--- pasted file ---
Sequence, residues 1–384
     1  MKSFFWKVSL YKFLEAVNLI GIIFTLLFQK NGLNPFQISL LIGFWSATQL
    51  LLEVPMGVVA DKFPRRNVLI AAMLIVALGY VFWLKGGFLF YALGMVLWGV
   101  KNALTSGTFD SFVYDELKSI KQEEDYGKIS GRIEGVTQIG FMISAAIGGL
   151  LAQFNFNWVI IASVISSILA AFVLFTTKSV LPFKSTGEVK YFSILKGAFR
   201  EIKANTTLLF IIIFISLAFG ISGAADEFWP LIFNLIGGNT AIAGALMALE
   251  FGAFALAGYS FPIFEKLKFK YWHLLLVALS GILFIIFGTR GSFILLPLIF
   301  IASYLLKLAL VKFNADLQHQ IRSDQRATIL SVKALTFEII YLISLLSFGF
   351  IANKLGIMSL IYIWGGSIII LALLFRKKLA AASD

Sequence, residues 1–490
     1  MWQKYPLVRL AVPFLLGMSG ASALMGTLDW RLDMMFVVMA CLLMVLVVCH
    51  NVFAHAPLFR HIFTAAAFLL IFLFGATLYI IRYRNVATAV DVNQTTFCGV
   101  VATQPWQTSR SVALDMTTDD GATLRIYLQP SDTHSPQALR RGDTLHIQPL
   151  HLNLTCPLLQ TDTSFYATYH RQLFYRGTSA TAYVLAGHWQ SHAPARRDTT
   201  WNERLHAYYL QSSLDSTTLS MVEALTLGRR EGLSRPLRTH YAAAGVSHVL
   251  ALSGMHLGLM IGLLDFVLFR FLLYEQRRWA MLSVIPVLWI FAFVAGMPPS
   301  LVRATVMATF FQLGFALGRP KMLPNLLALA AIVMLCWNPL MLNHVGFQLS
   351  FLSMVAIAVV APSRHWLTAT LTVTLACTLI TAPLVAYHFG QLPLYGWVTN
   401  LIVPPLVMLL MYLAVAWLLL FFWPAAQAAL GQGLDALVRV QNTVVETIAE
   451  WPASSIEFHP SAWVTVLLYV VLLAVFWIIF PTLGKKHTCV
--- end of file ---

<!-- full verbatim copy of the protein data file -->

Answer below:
Sequence, residues 1–384
     1  MKSFFWKVSL YKFLEAVNLI GIIFTLLFQK NGLNPFQISL LIGFWSATQL
    51  LLEVPMGVVA DKFPRRNVLI AAMLIVALGY VFWLKGGFLF YALGMVLWGV
   101  KNALTSGTFD SFVYDELKSI KQEEDYGKIS GRIEGVTQIG FMISAAIGGL
   151  LAQFNFNWVI IASVISSILA AFVLFTTKSV LPFKSTGEVK YFSILKGAFR
   201  EIKANTTLLF IIIFISLAFG ISGAADEFWP LIFNLIGGNT AIAGALMALE
   251  FGAFALAGYS FPIFEKLKFK YWHLLLVALS GILFIIFGTR GSFILLPLIF
   301  IASYLLKLAL VKFNADLQHQ IRSDQRATIL SVKALTFEII YLISLLSFGF
   351  IANKLGIMSL IYIWGGSIII LALLFRKKLA AASD

Sequence, residues 1–490
     1  MWQKYPLVRL AVPFLLGMSG ASALMGTLDW RLDMMFVVMA CLLMVLVVCH
    51  NVFAHAPLFR HIFTAAAFLL IFLFGATLYI IRYRNVATAV DVNQTTFCGV
   101  VATQPWQTSR SVALDMTTDD GATLRIYLQP SDTHSPQALR RGDTLHIQPL
   151  HLNLTCPLLQ TDTSFYATYH RQLFYRGTSA TAYVLAGHWQ SHAPARRDTT
   201  WNERLHAYYL QSSLDSTTLS MVEALTLGRR EGLSRPLRTH YAAAGVSHVL
   251  ALSGMHLGLM IGLLDFVLFR FLLYEQRRWA MLSVIPVLWI FAFVAGMPPS
   301  LVRATVMATF FQLGFALGRP KMLPNLLALA AIVMLCWNPL MLNHVGFQLS
   351  FLSMVAIAVV APSRHWLTAT LTVTLACTLI TAPLVAYHFG QLPLYGWVTN
   401  LIVPPLVMLL MYLAVAWLLL FFWPAAQAAL GQGLDALVRV QNTVVETIAE
   451  WPASSIEFHP SAWVTVLLYV VLLAVFWIIF PTLGKKHTCV